Bulamu Healthcare International
- Palo Alto
1933 Waverley Street
Bulamu Healthcare is a San Francisco-area based non-profit that was founded in 2015 to provide primary medical care to the rural poor in Uganda. Bulamu has developed a uniquely cost-effective service delivery model, operating week-long “pop-up” medical camps that bring modern medical diagnosis and treatment to Ugandans lacking access to the most basic healthcare services. Bulamu’s first camp, in April 2016, treated 1800 Ugandans, the second in August 2016 served 2900 patients, and the third in February 2017 treated 4800 patients. Meanwhile, the average cost has dropped from $10 to $6 per patient served. Treatments offered include initial diagnosis, dispensing antibiotics and other meds, screening for cancer, performing outpatient surgery, providing health education lectures, and making direct referrals to the regional hospital for more serious cases.
The Bulamu model is so efficient because we are hiring local doctors, nurses, pharmacists, and technicians at wages of $10-22 per day for each camp. That team is leveraged with 10-15 U.S. Peace Corps volunteers, dentists and Western doctors willing to help, Christian pastors for counseling, and local village residents who set up and take down the tents, tables, and chairs. Bulamu also has a joint venture with the government-operated Mbarara Regional Referral Hospital to provide free cervical cancer screening both at the hospital and at one day outreach clinics in the surrounding area.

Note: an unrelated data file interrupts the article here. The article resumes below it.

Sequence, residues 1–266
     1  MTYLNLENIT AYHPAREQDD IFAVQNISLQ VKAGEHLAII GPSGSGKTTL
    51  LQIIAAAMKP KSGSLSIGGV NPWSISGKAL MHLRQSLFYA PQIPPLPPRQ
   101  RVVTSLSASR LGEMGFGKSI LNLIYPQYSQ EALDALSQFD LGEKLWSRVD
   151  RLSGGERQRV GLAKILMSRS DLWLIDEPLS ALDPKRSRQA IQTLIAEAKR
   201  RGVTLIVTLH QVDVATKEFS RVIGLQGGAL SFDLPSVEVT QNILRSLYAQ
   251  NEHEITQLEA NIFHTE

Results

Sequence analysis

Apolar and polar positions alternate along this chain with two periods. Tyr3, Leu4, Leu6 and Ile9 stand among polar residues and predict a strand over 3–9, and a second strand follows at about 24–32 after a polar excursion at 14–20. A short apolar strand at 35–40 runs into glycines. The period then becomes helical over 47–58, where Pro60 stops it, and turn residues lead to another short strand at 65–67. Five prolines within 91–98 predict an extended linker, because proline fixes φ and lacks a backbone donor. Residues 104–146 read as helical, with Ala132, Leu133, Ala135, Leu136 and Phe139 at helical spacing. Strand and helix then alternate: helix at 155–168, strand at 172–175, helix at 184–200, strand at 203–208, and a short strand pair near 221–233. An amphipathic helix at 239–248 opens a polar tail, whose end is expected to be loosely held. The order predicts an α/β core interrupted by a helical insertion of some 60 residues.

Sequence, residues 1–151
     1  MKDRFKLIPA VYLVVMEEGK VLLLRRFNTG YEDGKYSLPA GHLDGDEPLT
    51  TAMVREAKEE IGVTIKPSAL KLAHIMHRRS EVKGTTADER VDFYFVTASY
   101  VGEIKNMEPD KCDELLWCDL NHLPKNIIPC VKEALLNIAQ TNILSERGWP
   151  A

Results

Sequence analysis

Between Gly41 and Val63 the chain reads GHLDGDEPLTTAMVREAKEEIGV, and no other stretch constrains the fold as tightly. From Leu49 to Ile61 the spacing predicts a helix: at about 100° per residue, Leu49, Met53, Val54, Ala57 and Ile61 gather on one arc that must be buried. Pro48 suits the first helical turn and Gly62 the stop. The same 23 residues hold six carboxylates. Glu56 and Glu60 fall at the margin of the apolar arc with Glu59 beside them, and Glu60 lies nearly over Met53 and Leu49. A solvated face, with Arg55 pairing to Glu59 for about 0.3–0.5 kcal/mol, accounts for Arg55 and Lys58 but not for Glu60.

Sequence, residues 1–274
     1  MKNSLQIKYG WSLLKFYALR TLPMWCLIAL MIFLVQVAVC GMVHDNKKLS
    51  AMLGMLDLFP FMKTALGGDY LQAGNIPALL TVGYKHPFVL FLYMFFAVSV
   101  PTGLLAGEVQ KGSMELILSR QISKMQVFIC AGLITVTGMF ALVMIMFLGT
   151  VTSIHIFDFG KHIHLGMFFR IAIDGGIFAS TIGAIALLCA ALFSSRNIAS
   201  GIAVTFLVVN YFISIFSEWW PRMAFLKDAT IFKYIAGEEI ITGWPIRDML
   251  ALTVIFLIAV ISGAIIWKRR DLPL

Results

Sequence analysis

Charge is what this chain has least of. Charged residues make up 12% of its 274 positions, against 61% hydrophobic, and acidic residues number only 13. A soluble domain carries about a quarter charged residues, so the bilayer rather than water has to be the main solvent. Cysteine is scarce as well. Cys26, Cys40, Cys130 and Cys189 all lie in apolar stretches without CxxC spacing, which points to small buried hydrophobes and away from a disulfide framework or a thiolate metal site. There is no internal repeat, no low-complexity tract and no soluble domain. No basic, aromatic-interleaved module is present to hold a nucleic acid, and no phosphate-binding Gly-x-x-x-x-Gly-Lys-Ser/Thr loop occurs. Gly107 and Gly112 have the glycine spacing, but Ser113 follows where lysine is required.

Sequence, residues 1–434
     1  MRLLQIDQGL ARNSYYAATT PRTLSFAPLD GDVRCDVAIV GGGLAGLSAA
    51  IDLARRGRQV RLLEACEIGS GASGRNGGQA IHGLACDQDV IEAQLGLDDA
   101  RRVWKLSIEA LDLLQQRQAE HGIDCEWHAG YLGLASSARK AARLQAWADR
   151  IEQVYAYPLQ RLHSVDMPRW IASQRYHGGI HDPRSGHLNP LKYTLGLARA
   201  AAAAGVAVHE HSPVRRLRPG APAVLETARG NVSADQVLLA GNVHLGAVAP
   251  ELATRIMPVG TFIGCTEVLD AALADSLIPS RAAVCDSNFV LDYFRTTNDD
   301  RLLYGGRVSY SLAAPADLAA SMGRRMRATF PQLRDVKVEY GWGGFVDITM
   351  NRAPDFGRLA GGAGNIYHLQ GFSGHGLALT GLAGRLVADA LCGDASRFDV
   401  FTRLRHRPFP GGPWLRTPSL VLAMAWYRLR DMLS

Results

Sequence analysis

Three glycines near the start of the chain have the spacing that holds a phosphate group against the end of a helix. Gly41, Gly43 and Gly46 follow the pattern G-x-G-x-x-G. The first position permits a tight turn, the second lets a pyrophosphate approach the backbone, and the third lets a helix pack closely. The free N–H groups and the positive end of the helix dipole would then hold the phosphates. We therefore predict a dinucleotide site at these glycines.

Bulamu (which means “well-being” in the local language of Luganda) was launched due to a chance encounter between the two co-founders. Gerald Atwine, 39, was born and raised in Uganda, the youngest of ten children in a rural town. His father, a high school teacher turned business man, was shot and killed during the brutal regime of the infamous Idi Amin when Gerald was only 9 months old. His mother, widowed and illiterate, somehow successfully raised her ten children. Gerald managed to get accepted to the University of Michigan, secure a student visa, earn his bachelor’s degree in nursing and become a licensed R.N. in California. There, he found himself in a Santa Clara hospital treating Jim Balassone, 75, a retired technology firm executive and adjunct university lecturer who was recovering from surgery. The two bonded, and Jim later traveled to Uganda with Gerald to explore the potential for starting an NGO that would use pop-up medical camps to improve the health of poor Ugandans. They soon had formed Bulamu, a 501(c)(3) tax exempt organization, with Jim as chief fundraiser and Gerald in charge of program activities, personally overseeing on-site each of the medical camps while still continuing his nursing work in the U.S. Having demonstrated the proof of concept and excess of demand, the limiting item now in Bulamu’s growth is its ability to spread its story to potential donors with a heart for Africa and the resources to invest in this exciting, efficient delivery model. Where else can a contribution of $15,000 bring life-enhancing, and sometimes life-saving, medical treatment to 2,500 people?
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